Life Behind B.A.R.s, Or, The Anti-Portlandia
What happens when the money runs out, and you live in a rural county that can’t afford to pay its police? Let’s visit the Oregon countryside to find out:
On the evening of Oct. 30, 2013, a car traveling down a highway south of Cave Junction struck and killed Jarred Houston, 21, and Robert Calvin, 41. Four months later, their case remains unsolved.
A week after the hit-and-run, Aaron Clouser, 39, was stabbed to death and left in the middle of the street. His case remains unsolved as well.
The murders have left the small town seething with anger, but there are barely any detectives around to work the cases.
Economic woes have forced county governments in rural Oregon to slash law enforcement budgets to the point where police are almost non-existent. In Josephine County, where Cave Junction is, there are two patrol deputies tasked with covering 1,600 square miles.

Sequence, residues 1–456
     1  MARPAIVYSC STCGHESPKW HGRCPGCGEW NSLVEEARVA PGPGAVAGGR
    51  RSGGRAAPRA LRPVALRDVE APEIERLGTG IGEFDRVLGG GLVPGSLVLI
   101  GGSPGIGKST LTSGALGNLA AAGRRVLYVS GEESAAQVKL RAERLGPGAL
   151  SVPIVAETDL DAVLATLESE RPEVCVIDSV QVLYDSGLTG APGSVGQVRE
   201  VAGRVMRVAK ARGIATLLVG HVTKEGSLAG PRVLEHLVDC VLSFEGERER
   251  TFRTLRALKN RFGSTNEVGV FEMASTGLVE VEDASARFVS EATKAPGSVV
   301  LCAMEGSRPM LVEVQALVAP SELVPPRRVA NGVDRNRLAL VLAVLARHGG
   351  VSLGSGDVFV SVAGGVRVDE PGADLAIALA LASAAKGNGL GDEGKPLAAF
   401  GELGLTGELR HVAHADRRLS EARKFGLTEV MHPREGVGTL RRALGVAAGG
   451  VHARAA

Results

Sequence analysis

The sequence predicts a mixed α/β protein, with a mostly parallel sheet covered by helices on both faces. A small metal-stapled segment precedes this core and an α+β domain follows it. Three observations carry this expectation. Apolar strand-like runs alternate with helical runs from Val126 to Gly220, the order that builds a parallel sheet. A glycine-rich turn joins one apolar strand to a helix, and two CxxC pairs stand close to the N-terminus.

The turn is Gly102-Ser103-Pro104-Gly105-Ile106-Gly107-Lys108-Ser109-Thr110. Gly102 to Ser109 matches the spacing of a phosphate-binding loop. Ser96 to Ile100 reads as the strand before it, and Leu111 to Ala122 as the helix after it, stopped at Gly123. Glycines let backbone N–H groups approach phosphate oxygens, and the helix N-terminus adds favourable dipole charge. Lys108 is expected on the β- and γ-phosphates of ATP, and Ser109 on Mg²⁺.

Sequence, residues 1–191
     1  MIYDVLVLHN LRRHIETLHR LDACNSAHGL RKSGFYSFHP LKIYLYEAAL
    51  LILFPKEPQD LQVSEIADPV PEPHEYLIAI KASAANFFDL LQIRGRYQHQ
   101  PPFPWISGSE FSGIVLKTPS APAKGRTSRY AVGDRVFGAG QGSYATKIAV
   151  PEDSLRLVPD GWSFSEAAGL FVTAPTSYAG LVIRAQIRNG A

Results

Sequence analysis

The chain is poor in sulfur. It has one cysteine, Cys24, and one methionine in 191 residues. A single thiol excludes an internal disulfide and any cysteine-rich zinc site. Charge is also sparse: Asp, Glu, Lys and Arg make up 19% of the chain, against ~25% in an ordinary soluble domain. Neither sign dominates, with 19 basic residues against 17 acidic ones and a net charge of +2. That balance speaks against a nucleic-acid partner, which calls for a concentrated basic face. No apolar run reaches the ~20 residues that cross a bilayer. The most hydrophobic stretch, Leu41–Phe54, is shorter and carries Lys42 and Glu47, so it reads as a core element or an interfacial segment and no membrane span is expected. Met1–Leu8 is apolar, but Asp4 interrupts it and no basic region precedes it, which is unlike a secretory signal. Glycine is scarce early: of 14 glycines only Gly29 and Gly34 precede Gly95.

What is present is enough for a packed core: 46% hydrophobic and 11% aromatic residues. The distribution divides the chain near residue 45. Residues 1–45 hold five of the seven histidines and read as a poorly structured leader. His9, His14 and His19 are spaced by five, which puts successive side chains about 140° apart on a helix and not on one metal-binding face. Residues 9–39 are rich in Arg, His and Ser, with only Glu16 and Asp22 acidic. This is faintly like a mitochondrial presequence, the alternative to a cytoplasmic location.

I asked a barista at a coffee shack if she’d noticed any changes since the budget cuts in 2012.
“I’ve definitely noticed a difference since medical marijuana was allowed,” she said. “I mean, I don’t care what people do on their own time, but it just seems like it’s brought in a lot of riff-raff.”
Josephine County sits just above the so-called “Emerald Triangle,” the largest marijuana-growing area in the country. The Redwoods Highway that winds through the triangle terminates in Grants Pass.
In an old-school diner at the edge of town, the kind with a lunch counter and high-backed stools, I bought a copy of the local newspaper. Among the columns about buying your first horse and distemper outbreaks among local wildlife, there was perhaps the greatest newspaper crime blotter in America.
In addition to the usual rural disputes, the blotter noted several property crimes that were not responded to because they were “B.A.R.”—beyond available resources.
Criminality abhors a vacuum.